Next up was the only Midwestern band on the bill, Cleveland’s Runaway Brother. From their opening track, “Blueberries,” the band displayed an impressive capacity for harmonizing in the nosebleed range. They tore through a set heavy in songs from their 2015 album Mother, including “Harvest,” “Catch,” “Hold Me Down,” “Virgin Rock,” “Reprise” and “Moth.” Singer Jacob Lee’s voice was a force to be reckoned with through all eight songs.

And that brings us to our headliner. By the time The Hotelier took the stage, the crowd had expanded from a few people in a room to a packed house that stretched almost to the exit. And as they began their first song, a fast-paced rendition of “In Framing,” it was clear they intended to satisfy every person present. From there, they launched right into the lauded confessional “Your Deep Rest.”

The Hotelier then played a rousing rendition of “Title Track (There is a Light)” from their debut album It Never Goes Out before returning to tracks from their second album. They announced they had finished recording their third record, to be released in 2016, and previewed a couple of songs; they even dedicated one called “Sun” to their merch guy for his birthday. (Happy birthday, Matt!)

One of the major highlights of their performance was their performance of “Introduction.” Even within a genre built on diary-esque confessions, The Hotelier is incredibly willing to tear open and examine their existences on the stage. The literary lyricism of “Introduction” flows almost like a spoken word poem with melody, and the crowd chanted every word with enthusiasm. The small, rabid fandom of the emo genre comes from the crowd’s ability to identify with the performers, who sport the same plaid flannels, cool-guy-jackets and emotional struggles as the audiences they play to. The concert felt like a group therapy session, where everybody came together and sorted through their issues; the band played the part of the psychiatrist on the couch, prodding the right issues to help alleviate everything.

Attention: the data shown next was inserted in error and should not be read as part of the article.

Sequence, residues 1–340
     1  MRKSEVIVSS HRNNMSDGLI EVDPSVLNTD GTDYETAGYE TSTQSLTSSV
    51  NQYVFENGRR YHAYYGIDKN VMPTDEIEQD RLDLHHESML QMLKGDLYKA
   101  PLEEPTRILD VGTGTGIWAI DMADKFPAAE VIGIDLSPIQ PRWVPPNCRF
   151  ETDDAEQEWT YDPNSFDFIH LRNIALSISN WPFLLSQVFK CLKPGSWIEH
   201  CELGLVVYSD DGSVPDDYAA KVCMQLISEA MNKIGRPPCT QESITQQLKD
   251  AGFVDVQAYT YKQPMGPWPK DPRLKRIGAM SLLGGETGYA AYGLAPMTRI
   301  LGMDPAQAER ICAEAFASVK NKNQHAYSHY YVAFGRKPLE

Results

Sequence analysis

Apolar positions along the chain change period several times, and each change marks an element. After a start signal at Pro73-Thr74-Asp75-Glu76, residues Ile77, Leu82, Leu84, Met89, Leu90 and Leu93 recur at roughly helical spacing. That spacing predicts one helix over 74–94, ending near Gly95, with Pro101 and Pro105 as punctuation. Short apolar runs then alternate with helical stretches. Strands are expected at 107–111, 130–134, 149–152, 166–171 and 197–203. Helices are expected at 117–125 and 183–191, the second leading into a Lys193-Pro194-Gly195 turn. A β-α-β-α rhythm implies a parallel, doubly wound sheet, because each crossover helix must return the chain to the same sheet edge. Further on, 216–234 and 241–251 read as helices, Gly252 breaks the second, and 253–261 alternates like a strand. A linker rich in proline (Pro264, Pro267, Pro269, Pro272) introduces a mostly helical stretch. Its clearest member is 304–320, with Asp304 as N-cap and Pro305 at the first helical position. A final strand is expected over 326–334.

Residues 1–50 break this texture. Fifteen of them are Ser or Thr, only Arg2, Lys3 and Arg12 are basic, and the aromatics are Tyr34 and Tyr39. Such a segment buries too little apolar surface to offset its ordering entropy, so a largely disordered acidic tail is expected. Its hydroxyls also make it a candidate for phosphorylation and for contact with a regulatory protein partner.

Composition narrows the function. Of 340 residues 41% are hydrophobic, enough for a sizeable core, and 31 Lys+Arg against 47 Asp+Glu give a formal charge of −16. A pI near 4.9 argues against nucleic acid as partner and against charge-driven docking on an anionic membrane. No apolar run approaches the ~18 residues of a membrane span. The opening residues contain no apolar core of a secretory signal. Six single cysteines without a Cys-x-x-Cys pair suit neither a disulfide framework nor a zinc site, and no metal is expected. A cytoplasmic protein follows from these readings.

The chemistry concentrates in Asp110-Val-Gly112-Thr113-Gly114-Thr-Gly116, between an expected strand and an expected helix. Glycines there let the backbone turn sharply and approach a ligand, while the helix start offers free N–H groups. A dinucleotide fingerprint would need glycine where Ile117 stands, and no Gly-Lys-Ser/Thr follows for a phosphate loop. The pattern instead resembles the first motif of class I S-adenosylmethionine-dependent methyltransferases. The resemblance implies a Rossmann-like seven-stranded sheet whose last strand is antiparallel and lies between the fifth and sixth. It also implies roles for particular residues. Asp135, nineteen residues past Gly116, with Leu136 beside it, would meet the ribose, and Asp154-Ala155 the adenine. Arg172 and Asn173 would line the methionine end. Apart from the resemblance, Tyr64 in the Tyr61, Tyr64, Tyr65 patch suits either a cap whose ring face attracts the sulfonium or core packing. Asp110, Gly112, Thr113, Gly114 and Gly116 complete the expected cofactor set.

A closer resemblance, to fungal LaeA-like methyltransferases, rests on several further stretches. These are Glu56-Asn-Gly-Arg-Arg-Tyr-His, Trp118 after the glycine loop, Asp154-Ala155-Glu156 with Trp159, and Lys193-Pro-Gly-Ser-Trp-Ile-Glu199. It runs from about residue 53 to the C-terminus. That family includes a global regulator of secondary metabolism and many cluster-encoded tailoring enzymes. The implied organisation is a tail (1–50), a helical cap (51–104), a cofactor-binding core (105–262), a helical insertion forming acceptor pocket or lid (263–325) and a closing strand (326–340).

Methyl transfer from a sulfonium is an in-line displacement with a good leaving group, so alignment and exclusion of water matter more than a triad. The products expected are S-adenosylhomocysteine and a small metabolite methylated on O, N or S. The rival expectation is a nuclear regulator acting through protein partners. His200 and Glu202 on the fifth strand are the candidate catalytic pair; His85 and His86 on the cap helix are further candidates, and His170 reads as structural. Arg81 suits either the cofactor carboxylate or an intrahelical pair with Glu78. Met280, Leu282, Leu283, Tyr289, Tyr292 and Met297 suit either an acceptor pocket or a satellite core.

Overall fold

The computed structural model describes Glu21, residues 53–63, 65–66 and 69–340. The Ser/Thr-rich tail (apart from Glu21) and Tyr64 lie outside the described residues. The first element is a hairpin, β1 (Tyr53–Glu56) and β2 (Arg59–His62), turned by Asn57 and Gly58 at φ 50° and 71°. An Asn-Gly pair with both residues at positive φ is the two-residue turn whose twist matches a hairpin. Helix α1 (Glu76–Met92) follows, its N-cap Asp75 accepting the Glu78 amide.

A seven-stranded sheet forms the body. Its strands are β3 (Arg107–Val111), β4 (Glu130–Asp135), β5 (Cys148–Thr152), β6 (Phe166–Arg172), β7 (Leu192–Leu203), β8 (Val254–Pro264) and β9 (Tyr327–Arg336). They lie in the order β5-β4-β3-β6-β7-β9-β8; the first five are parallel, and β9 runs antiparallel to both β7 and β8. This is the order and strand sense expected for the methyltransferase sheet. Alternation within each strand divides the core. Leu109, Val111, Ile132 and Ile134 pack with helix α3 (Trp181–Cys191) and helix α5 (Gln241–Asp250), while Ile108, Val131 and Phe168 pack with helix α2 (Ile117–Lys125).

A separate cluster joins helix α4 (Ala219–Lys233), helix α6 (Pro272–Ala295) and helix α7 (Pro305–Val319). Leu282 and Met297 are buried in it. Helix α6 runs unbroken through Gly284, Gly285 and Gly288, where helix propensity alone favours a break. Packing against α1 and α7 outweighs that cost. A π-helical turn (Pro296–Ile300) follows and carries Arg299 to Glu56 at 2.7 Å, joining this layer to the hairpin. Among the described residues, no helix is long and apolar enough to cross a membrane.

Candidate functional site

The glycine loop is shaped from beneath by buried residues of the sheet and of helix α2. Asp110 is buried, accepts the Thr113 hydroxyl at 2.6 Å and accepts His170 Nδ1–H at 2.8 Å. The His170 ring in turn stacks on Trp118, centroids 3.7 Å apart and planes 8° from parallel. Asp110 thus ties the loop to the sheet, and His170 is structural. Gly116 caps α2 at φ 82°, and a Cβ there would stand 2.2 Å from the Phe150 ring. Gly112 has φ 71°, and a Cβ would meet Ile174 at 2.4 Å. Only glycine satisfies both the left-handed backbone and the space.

The other major moment was the final bars of the last song, “Dendron.” The closing stanza of the track is an immensely powerful admission of guilt, ending with a screamed “Tell me again that it’s all in my head,” a reminder that everyone has their demons, even if they can’t be seen.


Getting to know Jade Lilitri of Oso Oso

Interview By Jason Sloan | Featured Photo (Jade Lilitri) by Felicia Conway



Favorite music of 2015 thus far: Runners in the Nerved World – The Sidekicks, Heck No, Nancy – The Obsessives, Painted Shut – Hop Along, AOID – Ratboys. And check out LiL PEEP.

Reasons behind the band name: I’m obsessed with bears, and the Chicago Bears are my favorite football team.

Thoughts on Chicago: It’s our second time playing Beat Kitchen (first in 2014 with Marietta) but our fifth time playing Chicago. But at the same time we’ve only actually spent five days here. It’s definitely a cool city, cool place to play.

Thoughts on the tour: It’s our first time doing a tour with the same bands every night, and we already knew two of them, which is cool. And this time we’re not playing a bunch of basements. It’s just really cool to be associated with these bands, like it’s an honor (not to be cliché).

Thoughts on the current punk rock scene: There’s definitely a clear divide, like there’s lots of bands doing cool shit, but also lots of bands being kind of ignorant of the scene. Like lots of bands play shows with no regard for the people they’re playing to and without a good understanding of how to handle a crowd. The other day there were a bunch of people in the audience who were definitely there just to mess with the guys in The Hotelier, and they handled it really well. It’s cool to see when people can do that, like handle it and be respectful.

Thoughts on punk rock as an underrepresented genre: I think because it’s not a super mainstream community, you can keep a lot of dialogue open. If there were more people in it, I think the ability to really be honest about things would start to disappear.


WNUR Media Team

Jason Sloan: Writer, interviewer  |  Nina Matti: Copy Editor | Lauren Harris: Editor